Sensex at 75k: Why the bulls are unusually calm on the eve of an election

As the elections get underway, there could be short-term turmoil and sudden, massive price swings. Photo: PTI
As the elections get underway, there could be short-term turmoil and sudden, massive price swings. Photo: PTI


  • Stable market conditions and hopes of policy continuity regardless of the outcome of the polls are keeping the bulls in business.

It’s unusual for stockmarket indices to hit new highs on the eve of a general election, as they are doing now. Normally we would expect plenty of volatility and price corrections, with nervous traders exiting the market and sitting on the fence.

But this time around the market seems to be ignoring the political situation. The VIX, the volatility index that tracks option premiums, is at its lowest level so far this year. This is another sign traders aren’t expecting large, sudden price swings.

Trading volumes are good, which is a sign of wide participation. Prices are up across a wide variety of stocks. Retail investments continue to pour into mutual funds. Foreign portfolio investors continue to be consistent buyers of equity and rupee debt.

There are several reasons for this “business as usual" attitude. One is simply that the election has a long runway. The result will only be known in early June. There will probably be nervousness and corrections in May and June, as the seven phases play out. But if a week is a long time in politics, seven weeks is a very long time in stock markets.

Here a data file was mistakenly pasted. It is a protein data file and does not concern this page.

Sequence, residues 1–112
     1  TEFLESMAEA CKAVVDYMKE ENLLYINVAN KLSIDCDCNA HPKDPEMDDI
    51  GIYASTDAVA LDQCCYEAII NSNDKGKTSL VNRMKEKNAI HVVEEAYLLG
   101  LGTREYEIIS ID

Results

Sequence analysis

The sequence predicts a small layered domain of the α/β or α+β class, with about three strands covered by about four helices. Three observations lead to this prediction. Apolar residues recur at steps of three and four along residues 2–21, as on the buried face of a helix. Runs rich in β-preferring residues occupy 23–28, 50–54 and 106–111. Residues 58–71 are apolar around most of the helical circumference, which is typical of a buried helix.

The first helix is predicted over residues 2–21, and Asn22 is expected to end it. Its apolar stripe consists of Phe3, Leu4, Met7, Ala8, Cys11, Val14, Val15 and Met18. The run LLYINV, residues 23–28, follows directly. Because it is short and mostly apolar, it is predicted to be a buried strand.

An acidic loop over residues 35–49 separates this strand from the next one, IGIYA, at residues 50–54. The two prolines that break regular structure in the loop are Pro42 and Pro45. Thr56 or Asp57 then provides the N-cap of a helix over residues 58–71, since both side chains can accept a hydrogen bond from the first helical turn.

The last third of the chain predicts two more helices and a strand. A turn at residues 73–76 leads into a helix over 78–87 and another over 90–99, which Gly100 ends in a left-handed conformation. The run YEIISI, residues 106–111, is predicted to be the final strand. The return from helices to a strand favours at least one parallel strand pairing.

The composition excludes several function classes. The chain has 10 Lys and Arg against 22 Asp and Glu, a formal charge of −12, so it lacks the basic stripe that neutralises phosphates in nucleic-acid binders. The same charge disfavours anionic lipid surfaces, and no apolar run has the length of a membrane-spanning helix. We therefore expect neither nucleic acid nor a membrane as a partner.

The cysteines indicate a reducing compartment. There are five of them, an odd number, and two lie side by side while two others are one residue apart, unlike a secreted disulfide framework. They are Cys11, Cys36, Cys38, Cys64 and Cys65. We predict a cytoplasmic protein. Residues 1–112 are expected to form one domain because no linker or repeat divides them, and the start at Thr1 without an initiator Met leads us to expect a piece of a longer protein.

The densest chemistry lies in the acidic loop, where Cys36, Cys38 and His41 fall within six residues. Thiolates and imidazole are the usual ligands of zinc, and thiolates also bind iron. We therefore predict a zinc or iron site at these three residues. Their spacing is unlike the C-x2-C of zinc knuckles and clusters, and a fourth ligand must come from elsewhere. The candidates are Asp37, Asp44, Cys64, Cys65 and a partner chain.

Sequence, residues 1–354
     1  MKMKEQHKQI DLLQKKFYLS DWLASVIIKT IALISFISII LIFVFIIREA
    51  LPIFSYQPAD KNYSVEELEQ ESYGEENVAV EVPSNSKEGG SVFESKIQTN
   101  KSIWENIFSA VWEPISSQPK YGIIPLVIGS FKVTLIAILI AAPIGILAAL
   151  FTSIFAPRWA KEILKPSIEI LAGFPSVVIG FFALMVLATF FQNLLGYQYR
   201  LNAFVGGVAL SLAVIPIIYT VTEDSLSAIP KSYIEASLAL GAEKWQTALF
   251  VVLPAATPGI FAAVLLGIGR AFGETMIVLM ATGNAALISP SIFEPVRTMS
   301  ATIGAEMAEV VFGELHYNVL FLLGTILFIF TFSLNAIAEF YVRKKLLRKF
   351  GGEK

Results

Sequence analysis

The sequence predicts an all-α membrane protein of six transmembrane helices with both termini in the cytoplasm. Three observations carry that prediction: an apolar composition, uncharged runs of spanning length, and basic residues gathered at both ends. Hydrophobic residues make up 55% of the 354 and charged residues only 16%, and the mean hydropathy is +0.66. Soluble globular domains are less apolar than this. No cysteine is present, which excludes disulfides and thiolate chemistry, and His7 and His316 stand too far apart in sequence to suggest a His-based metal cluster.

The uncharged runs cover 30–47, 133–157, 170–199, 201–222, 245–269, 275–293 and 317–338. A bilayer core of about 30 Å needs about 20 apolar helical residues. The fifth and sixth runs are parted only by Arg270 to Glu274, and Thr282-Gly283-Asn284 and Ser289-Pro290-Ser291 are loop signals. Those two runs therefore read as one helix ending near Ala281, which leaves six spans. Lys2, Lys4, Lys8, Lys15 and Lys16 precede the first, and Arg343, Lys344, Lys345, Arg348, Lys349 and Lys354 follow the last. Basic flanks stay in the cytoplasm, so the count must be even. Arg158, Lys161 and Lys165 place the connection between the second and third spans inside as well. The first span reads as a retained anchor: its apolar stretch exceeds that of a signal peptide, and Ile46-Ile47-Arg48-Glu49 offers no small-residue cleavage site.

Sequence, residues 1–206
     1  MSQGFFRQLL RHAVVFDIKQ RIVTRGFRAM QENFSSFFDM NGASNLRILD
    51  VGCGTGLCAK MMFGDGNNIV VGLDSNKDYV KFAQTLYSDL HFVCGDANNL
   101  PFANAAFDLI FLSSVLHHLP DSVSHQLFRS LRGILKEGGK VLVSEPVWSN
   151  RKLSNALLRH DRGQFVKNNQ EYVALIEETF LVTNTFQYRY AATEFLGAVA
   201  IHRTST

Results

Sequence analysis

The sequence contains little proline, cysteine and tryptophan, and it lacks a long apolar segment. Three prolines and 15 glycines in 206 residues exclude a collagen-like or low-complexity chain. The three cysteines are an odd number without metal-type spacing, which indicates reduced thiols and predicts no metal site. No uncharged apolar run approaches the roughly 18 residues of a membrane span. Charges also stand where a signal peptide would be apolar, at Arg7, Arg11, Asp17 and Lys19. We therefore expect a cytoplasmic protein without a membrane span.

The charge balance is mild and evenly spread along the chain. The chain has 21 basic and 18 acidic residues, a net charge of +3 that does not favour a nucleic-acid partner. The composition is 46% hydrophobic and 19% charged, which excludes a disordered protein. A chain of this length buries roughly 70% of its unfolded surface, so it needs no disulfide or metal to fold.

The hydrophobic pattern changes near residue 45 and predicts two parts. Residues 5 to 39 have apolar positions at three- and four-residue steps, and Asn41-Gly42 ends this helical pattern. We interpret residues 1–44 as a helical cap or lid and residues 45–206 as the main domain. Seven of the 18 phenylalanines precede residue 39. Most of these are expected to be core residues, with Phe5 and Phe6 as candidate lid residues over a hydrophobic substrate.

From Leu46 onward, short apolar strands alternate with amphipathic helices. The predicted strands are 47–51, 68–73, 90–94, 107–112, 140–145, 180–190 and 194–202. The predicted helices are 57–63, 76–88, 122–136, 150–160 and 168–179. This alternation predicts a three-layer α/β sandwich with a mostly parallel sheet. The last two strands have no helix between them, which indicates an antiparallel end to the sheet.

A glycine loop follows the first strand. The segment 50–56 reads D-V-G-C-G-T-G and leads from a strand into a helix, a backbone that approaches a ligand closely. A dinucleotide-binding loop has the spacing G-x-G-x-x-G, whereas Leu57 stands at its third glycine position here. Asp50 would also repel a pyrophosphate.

Apart from this, the smart money believes financial markets will remain healthy, regardless of election results.

Most investors expect the BJP to return for a third term. But even the few who may be bracing for a Black Swan event and change in government expect the economic momentum to remain undisturbed. Even the NDA-sceptics who have read the Congress manifesto believe there will be continuity in economic policy since the opposition alliance's agenda includes no radical changes on this front.

Investors who have memories of the 2004 general elections point to the fact that economic momentum was maintained in that instance, even though the Vajpayee-led NDA was replaced by the UPA in a shock result. Indeed, the UPA government led by Manmohan Singh was in charge over a decade when India enjoyed its longest, strongest bull market and excellent GDP growth. If – and this is a big if – the BJP is shunted out of power, we could see that scenario repeat.

Another reason for apparent calmness is that investors are focused on the granular details at the moment, awaiting corporate results for the fourth quarter and all of FY24. Those will start coming in from next week, and the consensus expectations are good. Management commentary and business updates from companies so far have been cautiously optimistic for the most part.

There are also positive data points in most high-frequency indicators. Vehicle sales have been strong, the volume of railway freight movement and port traffic has been good, power consumption has been high, the hospitality industry is booming, the upper end of the real estate market is buzzing, and banks have seen a reduction in bad loans and slippages. None of this may be definitive, but taken together it invokes optimism and suggests a genuine recovery in growth.

While the RBI held policy interest rates steady and kept its GDP estimates unchanged, it mentioned in the latest monetary policy that it expects inflation to fall to 4.5% this fiscal year and sees rural demand improving. Lower interest rates and higher rural consumption would both turbocharge growth.

The current market conditions could, of course, represent the calm before the storm. Indeed, as the elections get underway, we can expect short-term turmoil and sudden, massive price swings. That is inevitable since there are always rumours during elections, and markets respond to these. But stable market conditions and hopes of policy continuity regardless of the outcome should keep the bulls in business.

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